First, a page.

I have a confession to make. I am a digital hoarder.* Borderline actual hoarder.⁑

It feels good to admit that. Admit that I don’t know how to let go. Admit that I don’t know how to process effectively because somewhere in my brain, it says “Wait wait wait wait hold on that! You might need it later!”

It’s so draining. Constantly fighting, sifting through “garbage,” searching for the truly important things. But at least now, I’m beginning to understand why I hold on so tightly; why I struggle to see the black and white that others can see so plainly. I have seen this in other people and have had to help them through this debilitating state, yet I can’t always do so for myself. Actually, let me back up. I can, I even see myself doing things I know are wrong, yet I can’t stop it. It’s more than mind over matter, it’s overwhelming. And it can happen to anyone.

For some time I’ve been letting these bad habits build. Til recently when I had, I guess you could say I had a lightbulb “ahh-HA!” moment. The best (cliché) way to describe it was as though something has been there, right in front of your face, plain as day. Pretty sure everyone has had that kind of “DUHHH!!!” moment before. Why couldn’t I see it before? Well, because I couldn’t… It’s like asking a blind person what color something is. That’s how I think of it anyway. Oh, by the way, in case you hadn’t guessed it, I’m referring to depression.

Depression is a an all-encompassing cloud, it creeps in and all around into every crevice of your being. It’s silent, invisible to the naked eye. It’s stealth and gives zero fucks. It’s come to play evil games with your heart, soul and mind. It will be your saboteur, it will be your worst nightmare, it will be… whatever you let it be. And I’ll pause right there. I hate that last statement with every fiber, but it is true.

I used to always hate it when people would tell me something like, “you have a choice to feel how you feel” or “you can choose to feel a certain way.” So on and so forth. I used to fight those kind of statements. Because sometimes your reactions and feelings have become so beaten down that you don’t know any other way, and it’s not your fault (yet it kinda is) for your reactions. It’s who you have become because of all the stimulus and interactions and events in your life. This is who you are now; accept it and fix it if you don’t like it. Because there is still time to change and most importantly: learn from it. That’s the divide. There are two sides, maybe three if you count those who seemingly get stuck somewhere in-between. Vacillating, lost, stuck. I think that’s where I am. I think it’s why I have some sort of scope these realms. I can glimpse at both sides of that menacing black wall, and what I can see is that we all need to search to find the common ground. The clearing between both sides. That’s what can be so hard to see when you’re trapped in forest so deep you can’t see even a needle in front of your face.

Look up.

I can’t help but visualize this place, these places, they seem so far away; yet they are as close as what’s beyond your closet door. It can be as simple as flipping a light switch or just telling Siri to “call for help.” But we don’t. There’s great shame in admitting we need help in matters of the mind. Great shame in thinking, “I failed, I fucked up, I’m broken. This devastated me, this hurt me in a way I never saw coming and don’t think I’ll recover from it. This is the end of happiness, the end of time, the End of the World.”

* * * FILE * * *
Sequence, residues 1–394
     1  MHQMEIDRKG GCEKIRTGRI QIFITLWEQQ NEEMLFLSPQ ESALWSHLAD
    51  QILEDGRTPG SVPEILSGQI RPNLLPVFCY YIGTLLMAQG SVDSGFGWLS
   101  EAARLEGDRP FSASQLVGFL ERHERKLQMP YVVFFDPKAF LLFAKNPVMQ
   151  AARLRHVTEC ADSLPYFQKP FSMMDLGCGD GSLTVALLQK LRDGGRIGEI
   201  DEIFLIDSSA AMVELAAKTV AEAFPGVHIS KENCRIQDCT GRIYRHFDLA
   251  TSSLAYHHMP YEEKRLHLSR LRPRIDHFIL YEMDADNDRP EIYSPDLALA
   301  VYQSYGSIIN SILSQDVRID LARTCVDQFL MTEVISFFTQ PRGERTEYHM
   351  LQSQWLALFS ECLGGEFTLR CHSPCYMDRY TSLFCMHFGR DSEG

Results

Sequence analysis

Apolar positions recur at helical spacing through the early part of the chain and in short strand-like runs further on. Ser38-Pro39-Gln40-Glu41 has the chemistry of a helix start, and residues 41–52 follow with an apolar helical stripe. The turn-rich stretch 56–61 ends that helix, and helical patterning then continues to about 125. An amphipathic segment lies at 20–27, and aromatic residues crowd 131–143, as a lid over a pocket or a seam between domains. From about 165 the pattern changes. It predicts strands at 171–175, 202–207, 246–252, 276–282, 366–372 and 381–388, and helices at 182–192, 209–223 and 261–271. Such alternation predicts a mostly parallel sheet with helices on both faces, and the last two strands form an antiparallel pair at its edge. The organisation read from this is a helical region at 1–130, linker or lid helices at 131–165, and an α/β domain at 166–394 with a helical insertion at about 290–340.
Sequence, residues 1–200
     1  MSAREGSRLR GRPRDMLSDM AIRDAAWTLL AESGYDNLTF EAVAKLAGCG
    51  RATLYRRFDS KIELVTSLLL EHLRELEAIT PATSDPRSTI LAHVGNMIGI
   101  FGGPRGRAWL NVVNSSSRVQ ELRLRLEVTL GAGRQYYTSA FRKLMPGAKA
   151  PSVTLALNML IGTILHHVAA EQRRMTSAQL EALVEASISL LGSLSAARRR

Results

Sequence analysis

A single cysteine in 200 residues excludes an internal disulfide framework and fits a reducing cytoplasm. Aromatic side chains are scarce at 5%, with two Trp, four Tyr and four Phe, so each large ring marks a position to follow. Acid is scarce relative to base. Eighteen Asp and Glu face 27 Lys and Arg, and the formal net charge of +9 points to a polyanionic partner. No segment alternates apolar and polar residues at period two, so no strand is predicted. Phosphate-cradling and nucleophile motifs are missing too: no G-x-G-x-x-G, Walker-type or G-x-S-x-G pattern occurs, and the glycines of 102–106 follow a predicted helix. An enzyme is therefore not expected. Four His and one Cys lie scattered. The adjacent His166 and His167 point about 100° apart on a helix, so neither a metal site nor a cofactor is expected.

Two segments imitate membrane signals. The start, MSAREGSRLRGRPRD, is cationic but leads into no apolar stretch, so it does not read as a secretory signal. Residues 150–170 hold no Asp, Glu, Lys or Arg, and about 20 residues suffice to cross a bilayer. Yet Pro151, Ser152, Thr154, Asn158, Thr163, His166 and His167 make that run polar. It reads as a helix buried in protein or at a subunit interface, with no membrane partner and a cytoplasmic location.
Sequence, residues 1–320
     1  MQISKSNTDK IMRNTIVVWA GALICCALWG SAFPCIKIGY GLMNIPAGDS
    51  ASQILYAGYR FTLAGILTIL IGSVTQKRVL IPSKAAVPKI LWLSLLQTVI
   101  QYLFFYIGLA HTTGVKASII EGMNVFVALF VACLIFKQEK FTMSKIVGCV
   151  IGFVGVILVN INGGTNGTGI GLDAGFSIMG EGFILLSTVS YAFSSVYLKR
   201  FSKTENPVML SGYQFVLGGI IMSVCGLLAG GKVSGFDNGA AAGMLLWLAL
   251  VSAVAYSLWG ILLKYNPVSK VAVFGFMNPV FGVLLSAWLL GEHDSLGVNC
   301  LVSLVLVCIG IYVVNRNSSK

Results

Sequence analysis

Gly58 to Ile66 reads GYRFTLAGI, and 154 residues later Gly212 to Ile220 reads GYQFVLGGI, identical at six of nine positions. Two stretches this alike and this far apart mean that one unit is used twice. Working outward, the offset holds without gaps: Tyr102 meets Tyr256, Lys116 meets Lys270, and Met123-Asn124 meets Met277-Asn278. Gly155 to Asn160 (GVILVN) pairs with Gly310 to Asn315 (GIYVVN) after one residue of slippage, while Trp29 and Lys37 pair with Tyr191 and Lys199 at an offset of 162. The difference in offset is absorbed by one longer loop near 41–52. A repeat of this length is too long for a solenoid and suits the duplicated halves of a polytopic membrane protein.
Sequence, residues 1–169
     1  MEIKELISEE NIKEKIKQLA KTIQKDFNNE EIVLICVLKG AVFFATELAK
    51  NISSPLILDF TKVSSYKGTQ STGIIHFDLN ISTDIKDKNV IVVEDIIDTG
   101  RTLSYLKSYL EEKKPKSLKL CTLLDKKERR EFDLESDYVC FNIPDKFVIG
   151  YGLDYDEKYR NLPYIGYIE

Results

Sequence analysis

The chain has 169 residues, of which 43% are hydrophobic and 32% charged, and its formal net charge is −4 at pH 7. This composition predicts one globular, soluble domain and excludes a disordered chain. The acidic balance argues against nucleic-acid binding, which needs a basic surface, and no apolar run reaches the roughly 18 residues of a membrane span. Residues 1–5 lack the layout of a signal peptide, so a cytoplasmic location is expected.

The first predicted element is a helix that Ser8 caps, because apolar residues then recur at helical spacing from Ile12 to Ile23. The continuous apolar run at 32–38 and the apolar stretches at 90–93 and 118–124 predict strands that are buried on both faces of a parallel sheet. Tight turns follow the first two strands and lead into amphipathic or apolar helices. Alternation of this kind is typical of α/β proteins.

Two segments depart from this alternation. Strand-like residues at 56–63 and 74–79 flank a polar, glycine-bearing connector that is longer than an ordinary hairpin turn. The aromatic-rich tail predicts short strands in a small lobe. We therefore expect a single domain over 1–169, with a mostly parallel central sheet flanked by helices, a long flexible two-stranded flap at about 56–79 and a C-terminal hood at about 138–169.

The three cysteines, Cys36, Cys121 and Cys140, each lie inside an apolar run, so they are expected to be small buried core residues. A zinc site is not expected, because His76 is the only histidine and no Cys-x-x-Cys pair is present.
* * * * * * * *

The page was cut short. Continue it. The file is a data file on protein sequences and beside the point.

Snap, snap. Stop it. Snap, snap. There are 7.6 billion people in the world today.†

You wouldn’t ask a blind person what color your shoes are, that would be just rude. The blind person has a concept in their brain of what shoes are because they’ve experienced them, they’ve felt them, they’ve even worn them. But a blind person cannot see them or the specifics of their color and design. This is the best way I can describe to anyone, more specifically, a person that has never been depressed or experienced clinical depression, what it’s like to be depressed. A person who is experiencing depression (or is it, ‘a depressed person,’ I’m not entirely sure how to appropriate ownership of depression), or did that even make sense? There’s a whole other side conversation with this but I’m just going to press on…

As a person who has lived and is currently in a state of sour times, yet has most likely experienced joy before, meaning you most likely have some memory and concept of what happiness feels or felt like. You’re able to recall when you could see the design of contentment. And that in itself amplifies any negative or less than happy feelings. But I’m digressing. Circling back, The metaphor I was trying to paint is that, you know it exists, but it’s shape and form and detail are blind to you. Or you are blind to it. I’m not making any sense anymore.

Don’t be rude and ask a depressed person if they like the color of their soul. Maybe I’m getting abstract here.

For example, “how are you today?” This is a basic question we ask of the people we interact with on a daily basis. It’s not a very deep question, but it can be. And sometimes for some people it’s agonizing. It forces them to re-think through the pain they were or are currently suffering. Or is that just me? I take things too literally at times. I should probably stop while I’m ahead. Or am I behind? PLOT TWIST: There is neither. We are on one giant looped race track and have all started at different times and will end at different times, the only race is with yourself. And Father Time. And he’s an old Koont.‡


References
“Digital hoarding is a hassle to tackle too.” Sam McKenzie Jr., Medium.
* Digital hoarding, Wikipedia.
Hoarding Disorder, Mayo Clinic.
† The World Bank. Data, Population. Nov. 11, 2018.
Urban Dictionary, #3.

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